When the district court got the case back, it went to trial and the jury found both defendants liable for violating 209(a). The latest legal dispute back before the appeals court is over the penalties imposed as
well as two issues: (1) the trial court’s refusal to instruct the jury that a violation of 209(a) required proof
that POGO intended the award to be compensation for Berman’s services as a government employee; and (2) the court’s refusal to grant summary judgment to the defendant Berman based on his argument that 209(a) does not apply to lump-sum (as opposed to periodic) payments.  The defendants also appealed the trial court’s treatment of penalty—it assessed a penalty of $383,600 against Berman and $120,000 against POGO. (pp. 5-6)

Briefly, here is how the appeals court has now disposed of these issues on appeal.

On the significant question as to whether the jury should have been instructed that proof of intent is required for a 209(a) violation, the appeals court rules that it is required. Because the trial court refused to do this, the appeals court has now vacated the verdict and remanded the case for a new trial where the proper instruction can be included. It was not persuaded by the government’s argument that elements of intent were introduced
at the trial and the jury had every opportunity to weigh this element of the facts. (See pp. 7-31 of the Opinion for the lengthy discussion on the issue.)

Somewhat anticlimactic, but also an important element of the appeals decision, the court rebuffs Berman’s argument that 209(a) cannot be violated with a one-time payment as opposed to a supplemental salary: “Nor do we think it likely that Congress would have wanted to bar small but periodic payments intended to compensate an employee for his government services, but to permit large single—or irregular—payments that total a far greater sum….It is hard to see why the public would regard the former as worse than the latter” (pp. 32-33)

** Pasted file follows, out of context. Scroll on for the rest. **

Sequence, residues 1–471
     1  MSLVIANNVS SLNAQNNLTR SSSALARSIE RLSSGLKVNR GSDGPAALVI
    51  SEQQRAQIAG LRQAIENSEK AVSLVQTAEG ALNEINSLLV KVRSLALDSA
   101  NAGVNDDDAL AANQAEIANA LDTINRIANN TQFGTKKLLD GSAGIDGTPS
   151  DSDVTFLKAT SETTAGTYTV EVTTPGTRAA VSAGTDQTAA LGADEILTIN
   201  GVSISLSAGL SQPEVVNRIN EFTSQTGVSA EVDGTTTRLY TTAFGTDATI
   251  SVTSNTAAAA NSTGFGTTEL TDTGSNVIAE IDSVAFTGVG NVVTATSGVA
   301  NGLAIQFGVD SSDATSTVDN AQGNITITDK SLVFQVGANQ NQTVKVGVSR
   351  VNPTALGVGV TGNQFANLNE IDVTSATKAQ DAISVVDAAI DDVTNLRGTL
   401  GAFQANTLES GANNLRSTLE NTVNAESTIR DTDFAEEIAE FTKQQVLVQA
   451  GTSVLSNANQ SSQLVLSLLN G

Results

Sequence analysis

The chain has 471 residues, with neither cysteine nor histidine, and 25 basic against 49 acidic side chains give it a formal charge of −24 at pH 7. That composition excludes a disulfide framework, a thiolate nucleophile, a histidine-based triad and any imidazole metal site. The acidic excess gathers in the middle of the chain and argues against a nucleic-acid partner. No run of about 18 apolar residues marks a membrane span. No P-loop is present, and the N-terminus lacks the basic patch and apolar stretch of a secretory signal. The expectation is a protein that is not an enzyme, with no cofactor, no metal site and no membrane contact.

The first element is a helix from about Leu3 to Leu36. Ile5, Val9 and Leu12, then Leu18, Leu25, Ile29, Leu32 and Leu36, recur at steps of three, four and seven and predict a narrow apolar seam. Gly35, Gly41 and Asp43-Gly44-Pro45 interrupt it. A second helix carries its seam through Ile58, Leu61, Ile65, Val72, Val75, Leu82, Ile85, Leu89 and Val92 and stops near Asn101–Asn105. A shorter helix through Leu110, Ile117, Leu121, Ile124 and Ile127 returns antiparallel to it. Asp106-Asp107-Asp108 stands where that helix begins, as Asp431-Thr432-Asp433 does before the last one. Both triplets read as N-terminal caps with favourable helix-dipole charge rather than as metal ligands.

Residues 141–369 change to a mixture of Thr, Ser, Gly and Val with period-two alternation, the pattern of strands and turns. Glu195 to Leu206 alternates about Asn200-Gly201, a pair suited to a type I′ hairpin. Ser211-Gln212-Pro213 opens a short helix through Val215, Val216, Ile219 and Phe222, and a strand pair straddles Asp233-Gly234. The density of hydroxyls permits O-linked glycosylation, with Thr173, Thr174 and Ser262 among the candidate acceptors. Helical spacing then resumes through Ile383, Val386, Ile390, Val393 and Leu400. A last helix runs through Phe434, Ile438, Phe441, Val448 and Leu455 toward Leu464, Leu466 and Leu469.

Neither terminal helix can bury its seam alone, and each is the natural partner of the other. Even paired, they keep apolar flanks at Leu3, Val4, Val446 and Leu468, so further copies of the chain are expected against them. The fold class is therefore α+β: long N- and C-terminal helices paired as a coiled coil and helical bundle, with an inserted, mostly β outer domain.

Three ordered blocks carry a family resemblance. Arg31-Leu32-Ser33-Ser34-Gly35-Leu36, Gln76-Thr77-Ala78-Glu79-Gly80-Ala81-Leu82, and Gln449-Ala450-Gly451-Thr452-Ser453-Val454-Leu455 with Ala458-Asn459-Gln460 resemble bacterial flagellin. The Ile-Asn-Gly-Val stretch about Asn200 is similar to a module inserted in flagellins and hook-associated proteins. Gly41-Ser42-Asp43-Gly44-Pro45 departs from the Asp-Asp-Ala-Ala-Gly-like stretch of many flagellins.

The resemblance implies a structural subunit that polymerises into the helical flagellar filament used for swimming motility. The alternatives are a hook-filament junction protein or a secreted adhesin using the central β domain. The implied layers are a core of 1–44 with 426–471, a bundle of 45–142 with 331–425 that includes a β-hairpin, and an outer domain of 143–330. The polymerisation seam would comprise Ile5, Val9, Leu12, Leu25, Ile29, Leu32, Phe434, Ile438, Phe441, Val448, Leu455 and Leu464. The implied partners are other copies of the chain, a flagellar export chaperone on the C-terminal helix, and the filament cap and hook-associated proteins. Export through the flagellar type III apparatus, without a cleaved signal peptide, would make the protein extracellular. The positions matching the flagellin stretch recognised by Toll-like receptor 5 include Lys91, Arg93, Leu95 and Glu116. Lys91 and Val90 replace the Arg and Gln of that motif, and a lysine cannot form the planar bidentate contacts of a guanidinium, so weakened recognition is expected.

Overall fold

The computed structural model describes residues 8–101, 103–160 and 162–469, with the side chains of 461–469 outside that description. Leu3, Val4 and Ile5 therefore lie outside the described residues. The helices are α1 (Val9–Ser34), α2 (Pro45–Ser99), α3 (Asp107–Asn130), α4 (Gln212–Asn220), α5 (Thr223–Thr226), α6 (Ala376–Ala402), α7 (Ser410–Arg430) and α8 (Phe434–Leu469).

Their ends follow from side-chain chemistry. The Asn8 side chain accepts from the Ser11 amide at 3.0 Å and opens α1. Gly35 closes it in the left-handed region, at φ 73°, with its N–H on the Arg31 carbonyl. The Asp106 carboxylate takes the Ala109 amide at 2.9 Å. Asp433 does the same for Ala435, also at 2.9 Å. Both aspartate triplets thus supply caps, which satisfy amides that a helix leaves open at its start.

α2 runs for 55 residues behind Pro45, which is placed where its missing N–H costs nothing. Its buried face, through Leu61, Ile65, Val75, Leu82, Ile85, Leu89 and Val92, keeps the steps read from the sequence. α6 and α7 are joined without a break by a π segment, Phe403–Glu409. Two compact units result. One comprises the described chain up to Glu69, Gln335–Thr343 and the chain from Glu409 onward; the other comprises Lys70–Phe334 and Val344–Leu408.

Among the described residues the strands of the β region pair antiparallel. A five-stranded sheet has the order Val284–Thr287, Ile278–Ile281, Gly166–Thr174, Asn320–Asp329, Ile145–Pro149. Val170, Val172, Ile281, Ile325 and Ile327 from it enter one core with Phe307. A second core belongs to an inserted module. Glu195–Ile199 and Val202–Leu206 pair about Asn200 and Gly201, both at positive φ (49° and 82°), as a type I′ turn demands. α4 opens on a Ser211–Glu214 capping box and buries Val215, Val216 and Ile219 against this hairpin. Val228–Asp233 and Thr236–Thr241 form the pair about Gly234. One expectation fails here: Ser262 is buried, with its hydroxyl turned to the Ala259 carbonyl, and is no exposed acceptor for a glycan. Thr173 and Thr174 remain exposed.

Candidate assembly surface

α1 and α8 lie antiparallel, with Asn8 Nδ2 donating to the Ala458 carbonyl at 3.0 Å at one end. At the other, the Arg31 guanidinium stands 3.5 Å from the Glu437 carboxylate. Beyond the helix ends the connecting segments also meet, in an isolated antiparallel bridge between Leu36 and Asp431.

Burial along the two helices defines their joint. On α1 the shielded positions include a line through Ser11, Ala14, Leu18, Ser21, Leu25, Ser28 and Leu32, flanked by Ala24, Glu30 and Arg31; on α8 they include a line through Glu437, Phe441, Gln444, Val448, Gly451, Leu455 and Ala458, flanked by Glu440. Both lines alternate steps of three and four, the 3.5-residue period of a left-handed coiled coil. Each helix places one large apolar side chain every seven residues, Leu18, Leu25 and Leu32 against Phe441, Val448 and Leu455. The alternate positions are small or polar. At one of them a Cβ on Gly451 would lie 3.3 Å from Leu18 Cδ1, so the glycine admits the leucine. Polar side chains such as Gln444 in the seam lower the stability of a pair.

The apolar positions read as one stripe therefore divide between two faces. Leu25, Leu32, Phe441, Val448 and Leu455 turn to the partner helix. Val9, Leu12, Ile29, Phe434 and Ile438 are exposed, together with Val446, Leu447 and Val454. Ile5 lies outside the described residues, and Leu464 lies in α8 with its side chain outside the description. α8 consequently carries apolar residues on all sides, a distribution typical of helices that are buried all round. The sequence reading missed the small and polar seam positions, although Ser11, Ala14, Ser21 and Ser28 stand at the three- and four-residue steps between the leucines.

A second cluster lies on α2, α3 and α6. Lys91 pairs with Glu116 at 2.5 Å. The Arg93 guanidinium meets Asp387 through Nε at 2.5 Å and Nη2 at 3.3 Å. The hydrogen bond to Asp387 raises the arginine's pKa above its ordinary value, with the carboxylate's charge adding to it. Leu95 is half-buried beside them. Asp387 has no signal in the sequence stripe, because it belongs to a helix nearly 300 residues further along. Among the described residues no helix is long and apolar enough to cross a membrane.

Finally, the government challenged the trial court’s handling of the penalty against POGO, arguing that fining it less than the entire illegal payment was contrary to the statute. The lower court’s rationale for fining Berman the full amount of the illegal payment ($383,600), but POGO a lesser amount ($120,000) had to do with its finding that POGO made the unlawful payment “openly and in good faith.” (p. 35)

The appeals court rejects the government’s reasoning that the court had no discretion to impose a penalty less than the amount of the illegal payment. (p. 37) It goes on to point out that the government will have another shot at arguing the penalty amount before the trial court since the case has been remanded for a new trial.

This protracted case now goes back to the drawing board—literally—unless the government opts to try to get the Supreme Court to review this appeals court decision.

If nothing else, Berman and POGO get to keep the money invested for several more months while the government tries to bring to a successful conclusion what almost seems to be in my opinion a “slam dunk” case for a 209(a) violation.

US v. Proj Govt Oversight08-5182-1258669 by FedSmith, Inc.

About the Author

Susan McGuire Smith spent most of her federal legal career with NASA, serving as Chief Counsel at Marshall Space Flight Center for 14 years. Her expertise is in government contracts, ethics, and personnel law.